Aquaculture production is an industry of growing importance in the world. Global aquaculture production attained an all-time high of 90 million tonnes in 2012 (US$144 billion), including about 67 million tonnes of food fish and 24 million tonnes of aquatic algae (FAO, 2014). Challenges associated with high production cost, slim profit margins, diseases, the high cost of energy, limited water resources and the high degree of scrutiny in certain regions about the potential negative environmental impacts of aquaculture operations and the quality of aquaculture products make it imperative for aquaculture operations worldwide to adopt sustainable and economically viable practices and technologies.
Water quality is the most important factor affecting fish performance and health in aquaculture. Temperature, dissolved oxygen, solid (fecal) and dissolved wastes (ammonia, carbon dioxide) and contaminants (pathogens, pollutants, hydrogen disulfide, etc.) are key water quality parameters for aquaculture operations. There is an urgent need for robust, versatile, flexible, energy efficient and cost-effective water quality management technology for aquaculture operations. This novel airlift pump technology offers the advantages of that offer the advantage of being simple and yet enable high flow rates, high head and high efficiency with lower capital, operation and maintenance costs and noise and vibration pollution compared to the centrifugal pumps commonly used by aquaculture operations.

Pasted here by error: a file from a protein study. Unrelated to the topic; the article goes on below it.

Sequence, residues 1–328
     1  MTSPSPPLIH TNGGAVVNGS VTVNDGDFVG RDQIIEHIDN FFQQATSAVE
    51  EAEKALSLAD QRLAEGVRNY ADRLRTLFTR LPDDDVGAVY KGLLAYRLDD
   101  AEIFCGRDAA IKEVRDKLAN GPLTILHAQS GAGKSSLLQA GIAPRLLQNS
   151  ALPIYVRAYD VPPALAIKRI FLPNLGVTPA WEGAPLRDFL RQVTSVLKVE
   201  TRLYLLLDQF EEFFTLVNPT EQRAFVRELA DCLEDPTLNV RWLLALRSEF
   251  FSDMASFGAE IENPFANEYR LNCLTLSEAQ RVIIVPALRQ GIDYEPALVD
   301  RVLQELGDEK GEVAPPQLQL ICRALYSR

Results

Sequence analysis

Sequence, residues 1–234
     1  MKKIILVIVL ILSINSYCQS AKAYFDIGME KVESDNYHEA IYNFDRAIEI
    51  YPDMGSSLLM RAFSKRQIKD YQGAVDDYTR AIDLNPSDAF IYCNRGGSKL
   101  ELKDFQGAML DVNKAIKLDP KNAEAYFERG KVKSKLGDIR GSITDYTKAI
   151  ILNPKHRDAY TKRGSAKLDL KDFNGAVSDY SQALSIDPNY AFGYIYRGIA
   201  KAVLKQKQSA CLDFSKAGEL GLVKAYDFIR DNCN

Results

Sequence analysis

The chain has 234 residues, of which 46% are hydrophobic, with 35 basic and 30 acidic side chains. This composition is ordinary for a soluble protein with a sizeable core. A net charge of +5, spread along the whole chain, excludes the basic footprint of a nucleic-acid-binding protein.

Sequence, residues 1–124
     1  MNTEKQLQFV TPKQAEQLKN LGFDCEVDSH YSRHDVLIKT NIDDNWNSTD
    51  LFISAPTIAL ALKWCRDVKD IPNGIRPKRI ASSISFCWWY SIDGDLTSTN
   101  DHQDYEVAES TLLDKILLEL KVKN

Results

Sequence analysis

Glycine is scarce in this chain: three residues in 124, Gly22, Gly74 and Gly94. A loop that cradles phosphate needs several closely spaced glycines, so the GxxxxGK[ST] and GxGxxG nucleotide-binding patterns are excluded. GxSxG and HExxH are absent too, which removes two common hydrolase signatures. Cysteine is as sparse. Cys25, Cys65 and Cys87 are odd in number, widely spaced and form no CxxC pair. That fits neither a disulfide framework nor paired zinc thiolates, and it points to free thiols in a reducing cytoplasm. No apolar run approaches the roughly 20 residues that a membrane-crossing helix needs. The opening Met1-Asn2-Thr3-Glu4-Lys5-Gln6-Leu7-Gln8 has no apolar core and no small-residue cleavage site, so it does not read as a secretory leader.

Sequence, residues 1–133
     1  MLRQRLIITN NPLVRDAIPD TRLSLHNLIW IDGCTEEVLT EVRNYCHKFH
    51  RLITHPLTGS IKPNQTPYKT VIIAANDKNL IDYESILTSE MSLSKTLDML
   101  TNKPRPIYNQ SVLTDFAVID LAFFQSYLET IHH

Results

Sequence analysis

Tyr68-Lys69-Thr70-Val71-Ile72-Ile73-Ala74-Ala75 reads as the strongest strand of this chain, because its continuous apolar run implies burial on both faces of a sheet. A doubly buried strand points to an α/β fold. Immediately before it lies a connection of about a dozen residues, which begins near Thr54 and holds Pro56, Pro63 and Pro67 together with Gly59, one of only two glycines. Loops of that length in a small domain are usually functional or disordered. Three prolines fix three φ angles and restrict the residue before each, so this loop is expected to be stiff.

The prototype of air lift pump was designed and several copies of this prototype manufactured and tested in a recirculating aquatic system at the Fish Nutrition Research Laboratory at the University of Guelph. The air lift pump prototypes proved to be very effective in replacing the centrifugal pumps used to operate the recirculating aquatic system in that facility. This prototype also resulted in substantial reduction in total energy use (approximately 50-70% in energy savings) and lower operating noise and vibration compared to the centrifugal pumps commonly used. (US patents 8721297 B1 and 8596989 B2).